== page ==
‘Coral: Something Rich and Strange’ at the Manchester Museum
Bobbie Hook gives us a private tour of the Coral exhibition at the Manchester Museum.
Most art history students would probably agree that we don’t get many ‘perks’ from the course… the compulsory trip to Florence/Paris/New York or another exotic escape no longer exists. But recently the second years were treated to what essentially was a personal tour of an exhibition by the curator. Not Paris but pretty special. ‘Coral: Something Rich and Strange’ at the Manchester Museum was curated by Dr Marion Endt-Jones who personally showed us around the exhibition. On till the 16th March, there’s still a little time to catch it. Only one room, it doesn’t take long to meander around and take in the exceptionally diverse uses and studies of coral. The display ranges from an art installation piece to a coral dummy to glass models used to teach natural sciences. The most notable theme of the exhibition is the mixture of science and art…how ‘Leonardo’. But seriously, let’s get interested in coral, it’s pretty well known that due to pollution and the phenomenon of global warming the coral reefs are suffering. Certainly one of the pieces is directly involved in the awareness of corals demise; a community (or rather an international) project where crocheter’s combine their efforts to create a woolly coral reef. Yes the concept is slightly naff, but apparently crochet can create a convincing coral replica, and the unity of crocheters from all over the world have contributed to one of the installations in the exhibition, I even attempted to create such an object myself (this only manifested into my new, limited knowledge of crocheting, not a crochet coral).
The first installation is Mark Dion’s ‘The Bureau of the Centre for the Study of Surrealism and It’s Legacy’ (2005); a room of its own, essentially a replica of a kind of nineteenth century private collection of classified natural and man made objects, however the objects found, chosen by Dion from the museum, are described as unclassifiable. The word in fact, that in terms of natural science, would best describe coral: not quite a plant underwater, could be an animal, above water it could be stone…super ambiguous.
And this perhaps sets the second theme of the exhibition. Leading from the right side of the strategically placed wall, on the left as you enter, (as directed by the curator herself who told us that some visitors go left…please go right), the the blue glowing light of the central element creates the ethereal sense of the wishy washy way coral had been studied/used/portrayed. There are displays of the actually object, hard and stone like, sometimes withdrawn of their colour; natural science studies which re-imbue them with colour and a sense of the softness of it undersea; leading on to the glass models used for studying perhaps with even more colour. Already there’s the idea that coral can very much be described in an artistic sense. The natural lines and fantastic colour are so ethereal no wonder people used to believe it had mystical powers. In the past it was used in jewellery and even dummies to ward away evil spirits and the like.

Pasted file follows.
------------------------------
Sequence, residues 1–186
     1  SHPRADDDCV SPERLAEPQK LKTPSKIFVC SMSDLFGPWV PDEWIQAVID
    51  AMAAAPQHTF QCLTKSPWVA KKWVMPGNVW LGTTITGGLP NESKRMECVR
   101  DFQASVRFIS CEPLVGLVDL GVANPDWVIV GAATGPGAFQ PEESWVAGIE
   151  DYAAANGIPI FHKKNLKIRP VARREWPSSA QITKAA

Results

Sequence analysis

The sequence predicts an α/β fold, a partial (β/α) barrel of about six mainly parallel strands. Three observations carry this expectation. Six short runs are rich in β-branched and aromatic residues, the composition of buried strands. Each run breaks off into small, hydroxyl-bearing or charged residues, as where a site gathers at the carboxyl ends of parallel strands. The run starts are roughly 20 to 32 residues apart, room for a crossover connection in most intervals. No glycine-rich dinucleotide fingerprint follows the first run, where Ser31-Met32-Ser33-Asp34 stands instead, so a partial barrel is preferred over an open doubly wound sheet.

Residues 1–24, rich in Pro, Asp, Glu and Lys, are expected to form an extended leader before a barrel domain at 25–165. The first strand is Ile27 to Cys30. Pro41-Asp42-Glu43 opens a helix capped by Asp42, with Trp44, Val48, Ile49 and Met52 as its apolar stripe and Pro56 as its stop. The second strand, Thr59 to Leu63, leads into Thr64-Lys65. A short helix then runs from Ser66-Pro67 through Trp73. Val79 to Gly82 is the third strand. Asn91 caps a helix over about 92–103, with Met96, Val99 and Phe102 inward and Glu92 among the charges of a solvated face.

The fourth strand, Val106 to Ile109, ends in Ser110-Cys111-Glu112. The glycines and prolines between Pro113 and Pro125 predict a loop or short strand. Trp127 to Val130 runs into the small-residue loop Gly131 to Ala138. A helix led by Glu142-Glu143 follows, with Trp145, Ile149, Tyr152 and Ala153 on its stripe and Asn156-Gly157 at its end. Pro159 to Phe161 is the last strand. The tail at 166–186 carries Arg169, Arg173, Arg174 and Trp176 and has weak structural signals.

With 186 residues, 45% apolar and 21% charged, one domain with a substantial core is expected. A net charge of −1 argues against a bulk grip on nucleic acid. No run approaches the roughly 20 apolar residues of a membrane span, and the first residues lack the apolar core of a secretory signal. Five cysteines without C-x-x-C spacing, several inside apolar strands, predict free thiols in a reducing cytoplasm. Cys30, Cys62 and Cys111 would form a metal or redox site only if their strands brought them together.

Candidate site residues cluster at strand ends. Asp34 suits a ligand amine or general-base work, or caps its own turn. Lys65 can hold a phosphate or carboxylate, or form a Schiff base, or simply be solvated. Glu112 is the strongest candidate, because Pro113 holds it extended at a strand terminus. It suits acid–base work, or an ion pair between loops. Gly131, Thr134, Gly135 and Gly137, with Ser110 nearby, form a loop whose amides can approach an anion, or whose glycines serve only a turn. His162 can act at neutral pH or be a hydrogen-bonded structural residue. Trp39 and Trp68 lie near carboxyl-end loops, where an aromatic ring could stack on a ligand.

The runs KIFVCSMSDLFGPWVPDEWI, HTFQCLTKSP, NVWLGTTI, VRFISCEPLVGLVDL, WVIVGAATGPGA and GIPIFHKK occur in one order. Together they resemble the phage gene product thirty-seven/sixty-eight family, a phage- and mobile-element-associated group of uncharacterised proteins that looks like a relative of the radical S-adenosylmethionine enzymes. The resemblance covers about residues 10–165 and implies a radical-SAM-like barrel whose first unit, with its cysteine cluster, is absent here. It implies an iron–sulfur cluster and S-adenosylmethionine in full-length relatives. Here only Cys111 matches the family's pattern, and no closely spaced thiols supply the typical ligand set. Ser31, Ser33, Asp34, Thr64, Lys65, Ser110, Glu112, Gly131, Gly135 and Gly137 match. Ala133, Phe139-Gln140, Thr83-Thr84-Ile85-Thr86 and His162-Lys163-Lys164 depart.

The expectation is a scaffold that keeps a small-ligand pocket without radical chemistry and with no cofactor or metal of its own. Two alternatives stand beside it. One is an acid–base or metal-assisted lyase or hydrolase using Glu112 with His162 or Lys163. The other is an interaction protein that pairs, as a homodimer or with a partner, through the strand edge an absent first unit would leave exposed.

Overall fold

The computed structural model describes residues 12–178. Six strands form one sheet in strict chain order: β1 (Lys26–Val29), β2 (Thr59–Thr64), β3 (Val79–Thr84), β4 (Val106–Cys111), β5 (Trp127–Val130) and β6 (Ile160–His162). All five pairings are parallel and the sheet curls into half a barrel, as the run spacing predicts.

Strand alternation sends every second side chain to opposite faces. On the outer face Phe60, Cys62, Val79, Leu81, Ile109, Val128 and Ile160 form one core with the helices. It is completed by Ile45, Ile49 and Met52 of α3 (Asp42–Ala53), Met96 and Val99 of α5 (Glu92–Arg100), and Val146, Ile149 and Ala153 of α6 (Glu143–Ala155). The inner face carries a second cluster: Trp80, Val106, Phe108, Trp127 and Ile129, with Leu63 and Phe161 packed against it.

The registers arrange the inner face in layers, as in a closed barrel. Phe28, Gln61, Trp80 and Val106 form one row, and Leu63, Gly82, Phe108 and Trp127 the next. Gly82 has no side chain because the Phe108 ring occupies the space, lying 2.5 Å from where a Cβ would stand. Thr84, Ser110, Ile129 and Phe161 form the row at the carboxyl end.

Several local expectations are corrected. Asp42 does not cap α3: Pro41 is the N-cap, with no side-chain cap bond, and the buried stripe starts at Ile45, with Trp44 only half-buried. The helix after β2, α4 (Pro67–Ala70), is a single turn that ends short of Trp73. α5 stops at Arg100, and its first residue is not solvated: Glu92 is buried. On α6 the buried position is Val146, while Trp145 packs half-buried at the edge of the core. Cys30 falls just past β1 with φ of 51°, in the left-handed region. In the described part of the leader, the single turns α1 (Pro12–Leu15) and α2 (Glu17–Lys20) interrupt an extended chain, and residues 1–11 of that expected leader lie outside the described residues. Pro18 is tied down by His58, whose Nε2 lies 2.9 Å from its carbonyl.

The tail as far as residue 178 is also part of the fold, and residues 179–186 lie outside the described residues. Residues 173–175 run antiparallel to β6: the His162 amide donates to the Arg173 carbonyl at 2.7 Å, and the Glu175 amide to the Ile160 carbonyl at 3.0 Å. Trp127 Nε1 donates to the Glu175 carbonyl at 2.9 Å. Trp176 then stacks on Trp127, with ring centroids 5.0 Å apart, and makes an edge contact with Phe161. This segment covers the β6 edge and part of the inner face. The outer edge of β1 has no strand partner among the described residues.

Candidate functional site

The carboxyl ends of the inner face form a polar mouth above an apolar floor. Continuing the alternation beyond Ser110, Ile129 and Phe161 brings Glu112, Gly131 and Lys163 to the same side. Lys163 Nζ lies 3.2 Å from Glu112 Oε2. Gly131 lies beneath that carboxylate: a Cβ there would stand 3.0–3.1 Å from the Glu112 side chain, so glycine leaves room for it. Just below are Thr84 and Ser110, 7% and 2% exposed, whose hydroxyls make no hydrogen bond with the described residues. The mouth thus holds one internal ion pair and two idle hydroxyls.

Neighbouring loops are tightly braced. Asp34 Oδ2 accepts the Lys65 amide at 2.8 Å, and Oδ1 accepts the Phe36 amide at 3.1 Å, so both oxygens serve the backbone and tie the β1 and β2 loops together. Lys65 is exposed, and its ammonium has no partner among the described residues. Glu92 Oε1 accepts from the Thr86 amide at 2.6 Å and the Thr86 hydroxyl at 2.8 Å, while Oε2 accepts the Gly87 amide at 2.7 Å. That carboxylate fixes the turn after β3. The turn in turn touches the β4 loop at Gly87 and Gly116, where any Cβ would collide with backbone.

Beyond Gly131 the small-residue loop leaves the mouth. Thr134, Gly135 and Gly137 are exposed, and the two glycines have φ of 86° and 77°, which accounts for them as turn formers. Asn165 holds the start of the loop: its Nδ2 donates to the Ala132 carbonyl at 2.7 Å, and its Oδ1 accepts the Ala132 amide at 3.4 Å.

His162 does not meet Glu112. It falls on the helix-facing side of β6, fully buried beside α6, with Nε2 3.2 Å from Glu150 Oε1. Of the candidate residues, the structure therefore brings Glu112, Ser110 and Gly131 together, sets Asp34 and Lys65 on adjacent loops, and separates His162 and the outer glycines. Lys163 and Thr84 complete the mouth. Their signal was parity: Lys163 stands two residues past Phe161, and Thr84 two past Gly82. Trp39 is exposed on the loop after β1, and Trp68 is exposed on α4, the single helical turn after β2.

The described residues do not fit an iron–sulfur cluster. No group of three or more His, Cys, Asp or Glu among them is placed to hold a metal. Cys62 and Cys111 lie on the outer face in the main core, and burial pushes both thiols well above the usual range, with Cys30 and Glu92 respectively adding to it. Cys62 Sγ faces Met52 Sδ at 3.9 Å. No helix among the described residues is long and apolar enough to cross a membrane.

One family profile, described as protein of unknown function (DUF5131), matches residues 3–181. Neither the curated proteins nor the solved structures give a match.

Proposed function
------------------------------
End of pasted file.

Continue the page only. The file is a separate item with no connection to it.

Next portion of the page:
At this point the exhibition takes a turn and begins to show the more artistic inclusion of coral in contemporary and historical paintings. Marion has included a piece by the recent Tate Modern exhibited artist Ellen Gallagher (definitely worth checking out…sorry for the plug but she’s one of my faves). Part of her ‘Watery Ecstatic’ series, on closer inspection of the plain white expanse of paper, very delicately pasted paper faces of african women are made out, the faces are linked by wave like threads of paper creating the biomorphic shapes similar to the natural form of coral. Marion explained that these figures represented the thousands of africans who died during the crossing of the Atlantic Ocean on the slave ships. There were myths that those lost souls found freedom under the sea and created a new world for themselves. Slightly digressing from the subject of coral, but certainly indicative of its aesthetic influence on art.
But that is exactly one of the ideas that could be taken from this humble exhibition, that the natural attractiveness of coral has directly inspired mystical motifs and artistic expression from its discovery. Marion has chosen objects for a collection that describes the ambiguity of coral as well its subtle influence, while also including an awareness project for the threatened species.
So when you find a spare half hour in the next few weeks stroll over to the not-so-secret gem on campus, and have a gander at this mixture of magical and informative visual feast.